“Gun violence in this country is an epidemic, and an international embarrassment,” Biden declared on Thursday, in a speech announcing six executive orders aimed at tightening up the US’ gun laws. The orders were revealed by the White House a day earlier, and include a directive asking the Justice Department to crack down on untraceable ‘Ghost Guns’ and issue model “red flag” legislation, and a proposed restriction on shoulder braces for pistols.
Biden’s actions come in the aftermath of two prolific mass shootings in the US, in Boulder, Colorado, and Atlanta, Georgia last month. However, Biden’s orders do nothing to achieve his campaign promises to ban so-called “assault weapons” and high-capacity magazines, to hold gun manufacturers legally accountable for shooting deaths, and to close the ‘Charleston Loophole,’ which allows customers to buy firearms if their FBI background check is not completed within three days.
Such actions are the purview of Congress, and with Democrats holding the thinnest majority in the Senate, are unlikely to pass. Appealing to Republicans, Biden insisted that gun control “is not a partisan issue among the American people,” and urged the GOP to help pass two separate bills already passed by the House of Representatives. One bill would extend background checks, another would extend these checks to private sales.
Despite Biden’s appeal to bipartisanship, gun control is a bitterly divisive issue in the US. Even something as apparently popular as “red flag” legislation is mired in controversy. Former President Donald Trump supported, then opposed such legislation, which would allow courts to keep guns out of the hands of those judged a risk to themselves or others.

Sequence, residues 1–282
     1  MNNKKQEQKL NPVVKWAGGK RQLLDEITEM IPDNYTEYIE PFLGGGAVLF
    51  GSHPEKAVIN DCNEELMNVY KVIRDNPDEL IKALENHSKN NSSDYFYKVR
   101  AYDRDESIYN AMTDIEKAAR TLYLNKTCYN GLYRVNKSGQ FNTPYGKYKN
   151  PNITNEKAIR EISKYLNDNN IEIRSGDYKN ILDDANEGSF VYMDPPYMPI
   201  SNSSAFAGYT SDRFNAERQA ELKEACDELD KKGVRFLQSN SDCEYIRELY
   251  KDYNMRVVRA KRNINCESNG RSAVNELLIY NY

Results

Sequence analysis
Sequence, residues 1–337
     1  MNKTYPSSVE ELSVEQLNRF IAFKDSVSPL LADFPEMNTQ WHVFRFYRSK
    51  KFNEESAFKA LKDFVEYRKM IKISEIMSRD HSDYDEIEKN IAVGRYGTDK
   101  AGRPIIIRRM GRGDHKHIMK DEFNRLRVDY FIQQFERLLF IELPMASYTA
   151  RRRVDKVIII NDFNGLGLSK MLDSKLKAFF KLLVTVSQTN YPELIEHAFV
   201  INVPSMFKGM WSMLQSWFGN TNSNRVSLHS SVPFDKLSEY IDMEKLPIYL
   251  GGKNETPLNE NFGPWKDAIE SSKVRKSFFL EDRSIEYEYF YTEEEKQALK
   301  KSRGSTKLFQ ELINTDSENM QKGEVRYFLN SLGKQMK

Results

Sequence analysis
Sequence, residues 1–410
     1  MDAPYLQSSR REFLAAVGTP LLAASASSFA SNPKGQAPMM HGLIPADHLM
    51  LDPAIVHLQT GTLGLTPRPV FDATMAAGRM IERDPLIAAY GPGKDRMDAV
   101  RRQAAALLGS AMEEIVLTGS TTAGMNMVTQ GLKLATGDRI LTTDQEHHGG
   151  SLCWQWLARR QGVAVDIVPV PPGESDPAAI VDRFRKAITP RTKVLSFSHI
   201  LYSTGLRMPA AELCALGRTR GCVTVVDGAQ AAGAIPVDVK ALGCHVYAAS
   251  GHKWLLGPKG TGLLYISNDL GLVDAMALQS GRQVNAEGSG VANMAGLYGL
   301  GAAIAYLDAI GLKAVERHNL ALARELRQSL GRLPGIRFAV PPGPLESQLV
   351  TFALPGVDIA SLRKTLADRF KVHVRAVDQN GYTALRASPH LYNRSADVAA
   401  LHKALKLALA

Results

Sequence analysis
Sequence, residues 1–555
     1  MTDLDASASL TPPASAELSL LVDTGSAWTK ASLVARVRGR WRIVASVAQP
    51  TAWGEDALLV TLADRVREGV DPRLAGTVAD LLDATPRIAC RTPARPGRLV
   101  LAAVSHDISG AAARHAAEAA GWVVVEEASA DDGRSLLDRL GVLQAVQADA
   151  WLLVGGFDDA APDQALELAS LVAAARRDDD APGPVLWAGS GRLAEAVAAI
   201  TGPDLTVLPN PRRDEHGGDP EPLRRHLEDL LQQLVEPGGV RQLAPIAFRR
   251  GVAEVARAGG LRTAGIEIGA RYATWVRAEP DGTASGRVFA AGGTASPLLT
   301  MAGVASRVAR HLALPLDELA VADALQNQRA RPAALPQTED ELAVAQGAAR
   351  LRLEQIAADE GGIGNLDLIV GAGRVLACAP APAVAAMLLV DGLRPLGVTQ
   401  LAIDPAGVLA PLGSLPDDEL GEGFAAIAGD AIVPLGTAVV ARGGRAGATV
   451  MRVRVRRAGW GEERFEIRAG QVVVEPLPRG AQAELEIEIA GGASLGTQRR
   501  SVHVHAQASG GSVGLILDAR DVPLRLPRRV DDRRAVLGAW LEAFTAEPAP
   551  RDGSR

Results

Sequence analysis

With Biden’s model red flag laws based on tips from these people’s family and friends, Conservative commentators have warned that these laws may be used by Democrats to disarm their political opponents.
Furthermore, they argue that “red flag” laws violate the Constitutional right to due process, and allow the courts to disarm people who haven’t been convicted of any crime.
Biden reassured conservatives that nothing he proposed “impinges in any way on the 2nd Amendment,” but in the same breath insisted that “No amendment to the Constitution is absolute,” a statement that plenty of Republicans and legal scholars would disagree with.
Biden is not the first Democrat to find his push for gun control stymied by Congress. Barack Obama had a wider majority in the Senate when he attempted and failed to pass the sweeping Assault Weapons Ban in 2013. Like Biden, Obama relied instead on executive orders to restrict firearms rights, none of which drastically affected gun owners.
Nevertheless, Biden insisted on Thursday that his executive orders are “just the start” of a wider campaign to crack down on “senseless gun violence.”
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